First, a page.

The nub of environmental justice is whether classic LULUs (locally undesirable land uses, that is, landfills, chemicals plants and refineries, toxic waste dumps, and so forth) are sited disproportionately and deliberately near minorities, and whether this possibility is taken into account in the permit review process for siting new facilities. At the heart of most environmental permit reviews today is conformity with technical pollution prevention standards or mitigation of local effects. Even though Title VI of the 1964 Civil Rights Act outlaws discrimination “under any program or activity receiving federal financial assistance,” the demographics of the local area have not typically been a factor in the permit process.
President Bill Clinton’s 1993 Executive Order 12898 requires that “each federal agency shall make achieving environmental justice part of its mission by identifying and addressing, as appropriate, disproportionately high and adverse human health or environmental effects of its programs, policies, and activities on minority populations and low income populations in the United States.” The executive order did not attempt to give substantive definition or policy guidance for environmental justice, but it did create an interagency working group to study the topic and issue policy strategies. The Civil Rights Commission report is ostensibly reviewing the outcome of that effort.
Before very long, Not in My Backyard makes clear that its dominant purpose is to provide a tonic for the racial grievance industry. The report credulously conveys the findings of dubious studies purporting to establish disproportionate racial impact in environmental siting decisions, while summarily dismissing contrary evidence. The report is not merely unbalanced; it is unhinged. This can best be seen in its handling of one of the marquee environmental justice disputes of the last decade: the Shintech Corporation’s proposal to build a $700 million poly-vinyl chloride (PVC) plastic plant in St. James Parish, Louisiana, in the mid-1990s. This jurisdiction of Louisiana is predominantly black and has a high unemployment rate. Community leaders and the local chapter of the NAACP supported the Shintech plant. National environmental groups, however, decided to make the plant a test case for environmental justice agitation, which makes hash of the theme that environmental justice seeks local participation and empowerment. (One of the national groups that sought to derail Shintech was Greenpeace, whose stated goal is the banning of PVC; their motives in this episode seem less than sincere.)
The case against the Shintech plant, which would have been built to the latest EPA technical specifications for pollution abatement, was based chiefly on the fact that residents of St. James Parish were exposed to seventeen times as much pollution as the average Louisiana resident (though this fact, based on a simple redaction of the Toxics Release Inventory, does not tell us anything about whether the population of the parish experienced a disproportionately higher risk to health). Heeding the petitions of the national groups opposed to the siting of the plant, the EPA dithered so long in reviewing the matter that Shintech decided to build in Iberville Parish instead. Iberville Parish is a predominantly white, middle-class community. (Among other things St. James Parish lost when Shintech switched sites was $5.8 million for its local public school system.)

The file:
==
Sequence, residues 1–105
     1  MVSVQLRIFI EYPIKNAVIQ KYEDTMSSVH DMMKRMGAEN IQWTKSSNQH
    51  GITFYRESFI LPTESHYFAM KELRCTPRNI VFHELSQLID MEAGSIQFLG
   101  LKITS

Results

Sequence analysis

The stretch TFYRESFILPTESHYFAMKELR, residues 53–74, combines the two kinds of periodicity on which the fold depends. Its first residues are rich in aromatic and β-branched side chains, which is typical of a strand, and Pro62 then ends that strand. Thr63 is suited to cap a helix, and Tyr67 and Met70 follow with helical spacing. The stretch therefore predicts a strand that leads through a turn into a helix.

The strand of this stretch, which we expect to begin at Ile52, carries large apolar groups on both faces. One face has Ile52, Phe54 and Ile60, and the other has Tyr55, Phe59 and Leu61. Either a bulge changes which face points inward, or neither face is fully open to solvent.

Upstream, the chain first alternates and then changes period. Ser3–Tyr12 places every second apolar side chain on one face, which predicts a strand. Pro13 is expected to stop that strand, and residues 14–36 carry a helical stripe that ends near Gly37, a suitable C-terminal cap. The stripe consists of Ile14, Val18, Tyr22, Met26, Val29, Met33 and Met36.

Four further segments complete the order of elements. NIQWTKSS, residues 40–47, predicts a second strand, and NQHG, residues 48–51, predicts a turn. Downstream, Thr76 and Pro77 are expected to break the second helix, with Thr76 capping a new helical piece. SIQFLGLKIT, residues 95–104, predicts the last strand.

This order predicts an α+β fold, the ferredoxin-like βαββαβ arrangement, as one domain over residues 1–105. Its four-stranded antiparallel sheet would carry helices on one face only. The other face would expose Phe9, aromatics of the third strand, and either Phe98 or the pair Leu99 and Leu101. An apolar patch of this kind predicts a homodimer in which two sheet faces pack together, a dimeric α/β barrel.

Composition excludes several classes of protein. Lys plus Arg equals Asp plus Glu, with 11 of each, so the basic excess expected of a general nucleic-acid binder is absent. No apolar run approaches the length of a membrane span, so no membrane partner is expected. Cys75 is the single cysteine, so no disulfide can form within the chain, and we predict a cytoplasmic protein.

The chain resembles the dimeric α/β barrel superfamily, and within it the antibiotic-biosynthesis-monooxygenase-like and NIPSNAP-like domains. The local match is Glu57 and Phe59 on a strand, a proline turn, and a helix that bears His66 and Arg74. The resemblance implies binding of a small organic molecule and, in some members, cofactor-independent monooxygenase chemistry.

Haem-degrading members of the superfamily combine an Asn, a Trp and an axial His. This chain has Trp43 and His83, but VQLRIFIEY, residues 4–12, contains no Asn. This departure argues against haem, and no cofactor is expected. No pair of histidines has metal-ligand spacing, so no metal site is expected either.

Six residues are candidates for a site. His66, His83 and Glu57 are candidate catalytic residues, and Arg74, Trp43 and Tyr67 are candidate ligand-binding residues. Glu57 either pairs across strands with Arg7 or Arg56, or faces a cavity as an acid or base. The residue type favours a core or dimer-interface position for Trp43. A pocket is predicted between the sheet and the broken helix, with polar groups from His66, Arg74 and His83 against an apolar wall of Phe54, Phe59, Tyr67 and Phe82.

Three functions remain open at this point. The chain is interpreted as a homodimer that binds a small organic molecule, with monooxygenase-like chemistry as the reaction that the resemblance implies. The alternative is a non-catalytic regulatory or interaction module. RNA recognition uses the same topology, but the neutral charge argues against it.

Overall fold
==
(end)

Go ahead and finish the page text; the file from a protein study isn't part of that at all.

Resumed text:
The Civil Rights Commission report found it sinister that Shintech’s operating costs would be lower in Iberville Parish than St. James Parish–because Iberville was closer to raw material suppliers–and reached the following conclusion: “After Shintech relocated the plant to a more practical location, the move seemed to confirm suspicions that race played a role in the company’s original decision to construct the facility in St. James Parish, a minority community already overburdened with environmental pollutants.” Aside from the appalling and unfounded charge that racism must be the explanation for Shintech’s site selection (besides, if Shintech’s executives were racists, surely they could have found another black community to target), this conclusion betrays complete ignorance of site selection decision-making. Most major corporations have a site selection decision matrix of dozens of variables (Intel’s site selection matrix for a chip plant has over one hundred), and the lowest cost site is often not the determining variable. If it were, low-cost southern states like Mississippi and Alabama would be booming, and no one would build anything in California.
The Shintech case is typical of the miscarriage of environmental justice. Beyond the spectacular anecdotal cases like Shintech, what evidence exists of disproportionate minority exposure to the siting of LULUs? Most of the evidence Not in My Backyard cites comes from partisan advocacy groups or studies whose serious methodological deficiencies are not acknowledged. The one disinterested piece of research cited in Not in My Backyard is a 1983 General Accounting Office study that found hazardous waste sites to be disproportionately sited near low-income communities. But the report ignores entirely a 1995 GAO study that came to the opposite conclusion. (Also, the 1983 GAO study was limited to just eight states.) “Indeed, once contrary findings and thoughtful criticisms are taken adequately into account,” Christopher Foreman observes, “even a reasonably generous reading of the foundational empirical research alleging environmental inequity along racial lines must leave room for profound skepticism regarding the reported results.” Not in My Backyard shows neither skepticism nor restraint in its presentation of research. (Foreman’s work and his testimony to the commission are dismissed in a footnote.)
A number of complex factors make it difficult to get at the distributional effects of siting decisions. Common sense will suggest that sites near low-income neighborhoods will sometimes be chosen because land is cheap; in other cases, low-income people will move near a facility for the same reason. Two additional threshold questions must be considered. First, is there any general evidence that minorities and low-income people experience higher rates of exposure to environmental health risks? Second, does proximity to a state-of-the-art waste or industrial facility entail a significant environmental risk to nearby residents?